Tanzanian student Elizabeth Ignatus Mwakalile, the vice president of the association, confirmed to University World News that African students are scared and many are trying to go back home.

“We have to restock supplies and food and the lockdowns are exhausting, tireless and mentally exhausting. We usually wonder when it is going to stop,” she said.

Indian universities and COVID-19

At some universities, the needs of African students are being taken care of, according to some students.

Zambian Kabwe Fredrick, a student at Delhi Technological University, told University World News that state and private universities in India have taken the second wave of COVID-19 seriously and are attempting to ensure the safety of students.

“Some universities, if not all, have chosen an online mode of teaching, including Delhi Technological University. A few have suspended classes for the time being as Delhi state has emerged as the worst hit by this second wave,” Fredrick added.

“Secondly, several universities have reserved hostel rooms for international students who are not able to go back to their countries to ensure that there is no overcrowding,” he said.

Zimbabwean student Fibion Mukwati at Ashoka University said his institution has been taking care of his needs as an international student, but friends at other universities were “living on the edge”.

Despite his own institution’s response, Mukwati is still worried. “If one falls ill of COVID-19, it is really hard to get proper medication, oxygen and attention from a public hospital,” he said.

Professor Dhanesh Patel, the director of international affairs at MSU, told University World News that African students are doing well and follow all guidelines of COVID-19.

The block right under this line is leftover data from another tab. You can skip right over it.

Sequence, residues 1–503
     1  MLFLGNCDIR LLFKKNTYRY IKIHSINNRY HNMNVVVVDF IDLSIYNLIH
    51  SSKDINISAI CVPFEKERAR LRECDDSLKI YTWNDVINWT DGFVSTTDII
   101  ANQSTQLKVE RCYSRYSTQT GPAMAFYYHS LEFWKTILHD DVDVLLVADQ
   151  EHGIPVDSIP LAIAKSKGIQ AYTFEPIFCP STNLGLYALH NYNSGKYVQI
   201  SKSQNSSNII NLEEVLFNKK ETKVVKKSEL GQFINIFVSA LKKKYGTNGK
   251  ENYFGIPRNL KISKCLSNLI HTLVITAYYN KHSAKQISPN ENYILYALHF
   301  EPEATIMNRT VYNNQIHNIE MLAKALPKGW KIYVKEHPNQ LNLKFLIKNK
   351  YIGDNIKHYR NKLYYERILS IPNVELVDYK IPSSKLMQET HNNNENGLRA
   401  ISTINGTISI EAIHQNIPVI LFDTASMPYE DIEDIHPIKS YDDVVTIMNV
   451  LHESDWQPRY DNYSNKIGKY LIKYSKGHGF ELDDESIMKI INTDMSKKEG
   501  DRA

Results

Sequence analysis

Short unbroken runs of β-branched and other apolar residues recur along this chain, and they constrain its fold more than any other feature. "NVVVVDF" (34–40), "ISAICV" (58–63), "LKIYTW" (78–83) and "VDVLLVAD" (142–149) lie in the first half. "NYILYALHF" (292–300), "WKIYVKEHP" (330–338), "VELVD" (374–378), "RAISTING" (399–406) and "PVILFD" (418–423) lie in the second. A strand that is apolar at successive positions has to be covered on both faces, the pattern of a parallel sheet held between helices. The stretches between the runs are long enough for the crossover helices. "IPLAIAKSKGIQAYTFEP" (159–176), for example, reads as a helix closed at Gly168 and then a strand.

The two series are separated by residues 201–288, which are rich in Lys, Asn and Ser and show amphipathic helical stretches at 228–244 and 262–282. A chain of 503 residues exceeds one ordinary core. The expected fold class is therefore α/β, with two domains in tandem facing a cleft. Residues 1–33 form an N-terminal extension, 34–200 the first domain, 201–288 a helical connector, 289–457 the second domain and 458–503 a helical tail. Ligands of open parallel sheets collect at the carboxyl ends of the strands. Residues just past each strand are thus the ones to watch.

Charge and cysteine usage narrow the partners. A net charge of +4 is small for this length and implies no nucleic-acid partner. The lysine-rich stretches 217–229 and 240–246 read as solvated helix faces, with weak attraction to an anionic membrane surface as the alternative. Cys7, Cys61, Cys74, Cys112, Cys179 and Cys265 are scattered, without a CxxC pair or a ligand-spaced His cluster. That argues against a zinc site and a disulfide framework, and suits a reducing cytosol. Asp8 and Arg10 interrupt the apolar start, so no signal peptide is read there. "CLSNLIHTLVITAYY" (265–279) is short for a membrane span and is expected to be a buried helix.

“We are also in contact with each and every student. We are advising them to use masks, sanitiser, and maintain social distancing, and strongly encourage them to remain in the room unless and until they have important work,” Patel added.


Ifeanyi McWilliams Nsofor, the director of policy and advocacy for the Nigeria Health Watch, told University World News that the Indian government has opened vaccinations to adults aged 18-44. Some of the students interviewed by University World News said they hoped to get vaccinated.

“In these difficult times in India, African students must reach out to embassies and high commissions of their native countries for guidance and support and could also use social media to share their experiences and call out for help,” said Nsofor, who is also a Senior New Voices fellow at the US-based Aspen Institute and a senior Atlantic fellow for health equity at George Washington University.

University World News Asia Editor Yojana Sharma contributed to this story. This article was updated on 6 May 2021.